With My Friends:
A cool thing about the 7 Habits is how they build on each other. It's a progression -- just like learning arithmetic before calculus, learning the alphabet before learning to spell, or building a solid foundation before building a 150-story building. Trees grow this way, too; they put down solid roots before the trunk, branches, or leaves begin to grow.
Paradigms and Principles: What You See Is What You Get
So What's a Paradigm?
A paradigm is the way you see something -- your point of view, frame of reference, or belief. As you may have noticed, sometimes your paradigms can be accurate, way off the mark, wrong, or incomplete.
Did you know that from medieval times until the late 1800s doctors believed that a sick person had diseased blood? Doctors would "bleed" a person of the blood until they believed that they had drained the "diseased blood." This is, in fact, what killed George Washington, not the sore throat and fever he was suffering from.
We now know about germs and that they can be in different parts of the body and in different forms. So now we treat illnesses with a different form of healing -- we no longer "bleed" a patient. That was an inaccurate and an incomplete way of looking at healing.
Paradigms are like glasses. When you have incomplete paradigms about yourself or life in general, it's like wearing glasses with the wrong prescription. Those lenses affect how you see everything else.
-- Sean Covey
Top 10 All-Time Stupid Quotes:
10. "There is no reason for any individual to have a computer in their home."
Kenneth Olsen, President and Founder of Digital Equipment Corporation, in 1977
9. "Airplanes are interesting toys but of no military value."
Marshal Ferdinand Foch, French Military Strategist and
Future World War I Commander, in 1911
8. "[Man will never reach the moon] regardless of all future scientific advances."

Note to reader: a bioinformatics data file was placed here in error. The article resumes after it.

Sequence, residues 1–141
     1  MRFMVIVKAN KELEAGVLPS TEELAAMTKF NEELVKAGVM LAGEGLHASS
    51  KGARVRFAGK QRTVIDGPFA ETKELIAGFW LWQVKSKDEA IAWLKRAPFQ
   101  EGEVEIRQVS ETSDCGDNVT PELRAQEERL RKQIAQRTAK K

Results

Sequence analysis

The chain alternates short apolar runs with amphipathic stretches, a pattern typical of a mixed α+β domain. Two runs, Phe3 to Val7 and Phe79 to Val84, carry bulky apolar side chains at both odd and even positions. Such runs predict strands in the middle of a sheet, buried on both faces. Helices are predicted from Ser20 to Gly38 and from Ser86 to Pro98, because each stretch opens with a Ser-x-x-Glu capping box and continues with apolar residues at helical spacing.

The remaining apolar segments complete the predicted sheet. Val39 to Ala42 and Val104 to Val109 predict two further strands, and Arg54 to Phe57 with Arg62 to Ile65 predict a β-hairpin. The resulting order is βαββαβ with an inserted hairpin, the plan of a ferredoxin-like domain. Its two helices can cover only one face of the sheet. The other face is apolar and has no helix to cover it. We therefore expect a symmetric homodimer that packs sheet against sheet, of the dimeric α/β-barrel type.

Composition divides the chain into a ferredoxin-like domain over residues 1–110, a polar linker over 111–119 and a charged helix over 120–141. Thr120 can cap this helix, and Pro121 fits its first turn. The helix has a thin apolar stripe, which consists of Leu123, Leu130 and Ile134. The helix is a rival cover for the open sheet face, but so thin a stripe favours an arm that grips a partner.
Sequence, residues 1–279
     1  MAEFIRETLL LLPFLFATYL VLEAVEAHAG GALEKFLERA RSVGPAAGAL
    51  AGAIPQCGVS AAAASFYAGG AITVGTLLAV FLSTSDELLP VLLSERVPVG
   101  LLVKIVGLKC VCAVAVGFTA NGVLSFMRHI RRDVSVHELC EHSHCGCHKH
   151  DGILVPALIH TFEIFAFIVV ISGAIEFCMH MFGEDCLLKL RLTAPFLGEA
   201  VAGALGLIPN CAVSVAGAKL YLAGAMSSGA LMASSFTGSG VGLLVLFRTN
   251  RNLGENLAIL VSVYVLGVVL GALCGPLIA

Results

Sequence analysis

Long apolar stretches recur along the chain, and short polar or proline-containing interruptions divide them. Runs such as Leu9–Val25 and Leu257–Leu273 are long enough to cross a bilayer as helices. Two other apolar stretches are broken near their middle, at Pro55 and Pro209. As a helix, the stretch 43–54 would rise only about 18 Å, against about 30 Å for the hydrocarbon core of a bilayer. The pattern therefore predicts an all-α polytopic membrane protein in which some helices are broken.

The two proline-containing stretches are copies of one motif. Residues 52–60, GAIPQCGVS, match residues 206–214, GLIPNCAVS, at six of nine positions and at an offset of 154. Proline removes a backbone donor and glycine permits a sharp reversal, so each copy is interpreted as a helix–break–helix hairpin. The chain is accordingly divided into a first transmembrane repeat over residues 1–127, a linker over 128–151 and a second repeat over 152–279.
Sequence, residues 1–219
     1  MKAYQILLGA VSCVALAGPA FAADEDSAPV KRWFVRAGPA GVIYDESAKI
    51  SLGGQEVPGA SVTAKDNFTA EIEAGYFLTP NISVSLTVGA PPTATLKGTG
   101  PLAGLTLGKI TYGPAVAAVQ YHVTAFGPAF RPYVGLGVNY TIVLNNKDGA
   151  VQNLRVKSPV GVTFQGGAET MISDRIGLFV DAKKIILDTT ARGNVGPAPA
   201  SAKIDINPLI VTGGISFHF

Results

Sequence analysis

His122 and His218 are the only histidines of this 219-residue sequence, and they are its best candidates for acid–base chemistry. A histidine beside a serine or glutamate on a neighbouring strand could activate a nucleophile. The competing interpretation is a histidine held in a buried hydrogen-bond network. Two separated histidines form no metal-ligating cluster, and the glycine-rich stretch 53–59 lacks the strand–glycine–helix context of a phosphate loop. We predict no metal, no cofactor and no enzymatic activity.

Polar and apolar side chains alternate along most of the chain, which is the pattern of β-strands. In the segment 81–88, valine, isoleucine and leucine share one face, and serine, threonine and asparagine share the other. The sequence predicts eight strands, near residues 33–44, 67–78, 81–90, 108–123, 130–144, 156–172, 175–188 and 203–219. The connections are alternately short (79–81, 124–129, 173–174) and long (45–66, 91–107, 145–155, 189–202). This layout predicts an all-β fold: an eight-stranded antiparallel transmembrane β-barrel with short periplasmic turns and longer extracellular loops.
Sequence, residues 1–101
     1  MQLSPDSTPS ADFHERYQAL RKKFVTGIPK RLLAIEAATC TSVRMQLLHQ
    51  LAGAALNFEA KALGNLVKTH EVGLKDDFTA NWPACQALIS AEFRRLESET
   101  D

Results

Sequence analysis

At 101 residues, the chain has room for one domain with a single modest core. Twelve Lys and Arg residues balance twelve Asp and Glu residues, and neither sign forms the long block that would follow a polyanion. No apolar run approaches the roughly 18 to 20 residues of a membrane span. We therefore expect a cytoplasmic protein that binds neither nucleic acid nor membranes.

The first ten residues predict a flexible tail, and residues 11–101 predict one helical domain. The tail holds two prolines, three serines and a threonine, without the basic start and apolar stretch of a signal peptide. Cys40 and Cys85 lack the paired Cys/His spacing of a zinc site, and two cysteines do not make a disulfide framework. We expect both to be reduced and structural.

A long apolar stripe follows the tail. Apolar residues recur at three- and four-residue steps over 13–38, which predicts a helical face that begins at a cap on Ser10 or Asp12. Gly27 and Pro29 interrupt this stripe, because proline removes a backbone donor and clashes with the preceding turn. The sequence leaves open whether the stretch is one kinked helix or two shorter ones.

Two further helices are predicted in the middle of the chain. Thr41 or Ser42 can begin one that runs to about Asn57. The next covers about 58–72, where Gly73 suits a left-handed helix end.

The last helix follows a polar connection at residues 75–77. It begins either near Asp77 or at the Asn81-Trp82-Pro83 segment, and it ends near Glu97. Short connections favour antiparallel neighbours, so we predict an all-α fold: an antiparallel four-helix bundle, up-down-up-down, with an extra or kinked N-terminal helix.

Dr. Lee De Forest, Inventor of the Audion Tube and Father of Radio, on February 25, 1967
7. "[Television] won't be able to hold on to any market it captures after the first six months. People will soon get tired of staring at a plywood box every night."
Darryl F. Zanuck, Head of 20th Century Fox, in 1946
6. "We don't like their sound. Groups of guitars are on the way out."
Decca Records Rejecting the Beatles, in 1962
5. "For the majority of people, the use of tobacco has a beneficial effect."
Dr. Ian G. MacDonald, Los Angeles Surgeon, as Quoted in Newsweek, November 18, 1969
4. "This 'telephone' has too many shortcomings to be seriously considered as a means of communication. The device is inherently of no value to us."
Western Union Internal Memo, in 1876
3. "The earth is the center of the universe."
Ptolemy, The Great Egyptian Astronomer, in The Second Century
2. "Nothing of importance happened today."
Written by King George III of England on July 4, 1776
1. "Everything that can be invented has been invented."
Charles H. Duell, U.S. Commissioner of Patents, in 1899
What are some other paradigms from history that have proved to be inaccurate or incomplete? (For example: The world is flat.)
What kind of impact did these inaccurate paradigms from history have on the world?
• Paradigms of Self
A paradigm is the way you see something -- your point of view, frame of reference, or belief. So a paradigm of self is how you see yourself. No matter how you see yourself, you're probably right. If you think you are good at school, then you can be good at school. If you think you are no good at math, then you'll be no good at math. Paradigms of self can help or hinder you. Positive self-paradigms can bring out the best in you, while negative self-paradigms can limit you.
Some positive paradigms I have about myself are:
If someone were going to name something after me, it would be:
Some negative paradigms I have about myself are:
Paradigms that my parents or guardians, boss at work, or teachers at school might have about me are:
Their paradigms match mine (true or false):
Could they be right? How will I find out?